The reference point was very clearly what was going on in the women’s movement at the time (1984). The kinds of questions that were being raised, the kinds of activism that was happening, and our own ignorance – of not fully understanding what we were confronting. For example, we were very active in the anti-dowry, anti-rape movements of the time, but the kind of understanding we have of how sexual violence plays out in women’s lives today, we did not have at the time at all. Even so, we had the questions. But, we began to search and couldn’t find much at all, for example, at the time there was one book we could locate on dowry. It was a small monograph with sociological analysis by someone called Stanley Tambaiah. We realized that there was no knowledge. That was the idea behind starting Kali for Women. The idea was to generate our own knowledge and knowledge production, which is also work.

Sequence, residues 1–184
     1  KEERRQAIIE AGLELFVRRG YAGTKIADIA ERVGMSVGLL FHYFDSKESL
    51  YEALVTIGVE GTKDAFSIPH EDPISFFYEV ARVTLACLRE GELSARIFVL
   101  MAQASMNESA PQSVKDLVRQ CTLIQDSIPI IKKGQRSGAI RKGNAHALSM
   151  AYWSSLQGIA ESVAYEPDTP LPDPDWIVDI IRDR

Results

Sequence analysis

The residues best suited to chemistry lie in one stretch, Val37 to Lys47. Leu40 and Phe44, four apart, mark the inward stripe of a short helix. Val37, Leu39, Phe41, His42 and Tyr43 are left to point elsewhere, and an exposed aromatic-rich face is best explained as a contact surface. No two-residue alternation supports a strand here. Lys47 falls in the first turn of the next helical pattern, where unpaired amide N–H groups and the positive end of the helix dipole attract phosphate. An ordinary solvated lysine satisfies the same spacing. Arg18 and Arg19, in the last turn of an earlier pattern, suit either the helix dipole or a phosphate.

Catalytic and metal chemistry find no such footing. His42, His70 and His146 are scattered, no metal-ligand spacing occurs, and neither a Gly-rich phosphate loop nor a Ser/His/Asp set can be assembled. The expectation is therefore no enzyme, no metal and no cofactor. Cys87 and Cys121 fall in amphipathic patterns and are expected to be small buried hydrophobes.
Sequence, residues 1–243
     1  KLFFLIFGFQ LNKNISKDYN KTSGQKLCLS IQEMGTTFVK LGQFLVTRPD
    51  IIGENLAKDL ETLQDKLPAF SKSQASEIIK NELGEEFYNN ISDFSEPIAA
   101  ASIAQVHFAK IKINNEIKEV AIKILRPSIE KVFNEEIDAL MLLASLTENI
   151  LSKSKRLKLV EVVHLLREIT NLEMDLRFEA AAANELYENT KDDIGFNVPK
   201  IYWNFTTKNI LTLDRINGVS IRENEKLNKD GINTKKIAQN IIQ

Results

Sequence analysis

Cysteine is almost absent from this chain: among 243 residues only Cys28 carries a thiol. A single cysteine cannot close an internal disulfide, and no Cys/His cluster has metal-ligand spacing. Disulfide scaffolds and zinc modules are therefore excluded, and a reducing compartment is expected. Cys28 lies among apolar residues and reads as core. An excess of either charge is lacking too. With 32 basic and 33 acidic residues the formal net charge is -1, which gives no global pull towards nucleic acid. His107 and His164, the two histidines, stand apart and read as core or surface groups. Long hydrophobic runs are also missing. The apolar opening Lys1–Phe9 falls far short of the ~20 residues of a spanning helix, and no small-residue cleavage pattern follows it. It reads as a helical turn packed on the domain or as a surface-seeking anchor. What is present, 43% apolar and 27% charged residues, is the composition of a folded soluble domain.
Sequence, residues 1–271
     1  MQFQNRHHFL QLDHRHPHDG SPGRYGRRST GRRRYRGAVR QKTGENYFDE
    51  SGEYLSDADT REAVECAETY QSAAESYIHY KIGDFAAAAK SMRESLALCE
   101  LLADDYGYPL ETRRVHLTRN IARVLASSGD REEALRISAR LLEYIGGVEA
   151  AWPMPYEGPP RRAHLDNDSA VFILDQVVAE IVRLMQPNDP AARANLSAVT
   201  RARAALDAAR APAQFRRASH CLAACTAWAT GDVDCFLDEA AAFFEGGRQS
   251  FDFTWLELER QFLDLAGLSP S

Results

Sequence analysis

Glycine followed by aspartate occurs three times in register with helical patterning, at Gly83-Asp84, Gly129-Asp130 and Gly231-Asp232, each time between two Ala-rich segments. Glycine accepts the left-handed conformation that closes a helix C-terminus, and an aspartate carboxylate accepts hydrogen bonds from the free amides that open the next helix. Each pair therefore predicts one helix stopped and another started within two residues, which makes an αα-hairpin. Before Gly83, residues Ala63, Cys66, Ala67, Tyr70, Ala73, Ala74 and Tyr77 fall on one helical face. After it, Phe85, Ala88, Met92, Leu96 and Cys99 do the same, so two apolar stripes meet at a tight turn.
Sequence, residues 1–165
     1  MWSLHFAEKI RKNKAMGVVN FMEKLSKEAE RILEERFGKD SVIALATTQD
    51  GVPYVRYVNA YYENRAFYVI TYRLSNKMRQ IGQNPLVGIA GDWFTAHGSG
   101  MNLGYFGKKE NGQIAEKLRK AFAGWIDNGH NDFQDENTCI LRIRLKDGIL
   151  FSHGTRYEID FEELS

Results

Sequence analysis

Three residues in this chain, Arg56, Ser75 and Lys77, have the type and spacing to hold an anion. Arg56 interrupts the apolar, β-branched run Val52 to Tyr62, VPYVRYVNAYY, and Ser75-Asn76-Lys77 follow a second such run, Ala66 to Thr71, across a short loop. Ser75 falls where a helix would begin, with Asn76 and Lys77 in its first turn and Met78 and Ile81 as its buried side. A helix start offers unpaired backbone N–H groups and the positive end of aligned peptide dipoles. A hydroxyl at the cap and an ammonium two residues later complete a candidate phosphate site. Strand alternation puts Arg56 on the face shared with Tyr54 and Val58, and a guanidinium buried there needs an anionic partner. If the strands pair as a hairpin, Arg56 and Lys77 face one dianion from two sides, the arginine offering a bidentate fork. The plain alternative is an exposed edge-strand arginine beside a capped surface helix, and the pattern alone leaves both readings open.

Speaking of work and feminist afflictions, do you think there is an ethical conundrum in being paid for something that is a political commitment or something you love to do?
I think we have to move beyond this feeling that there is something pure about activist work, and you do it out of a political motivation and don’t need to be paid for it. In a sense, it is also a very middle class notion because it is premised on the idea that your activism stems from your belief in a cause, and hence, doesn’t have to be financially compensated for. But, then, how are you going to live? If you are someone with privilege with structures to support you, you can do it, but there are many people who don’t have that and that is the dilemma…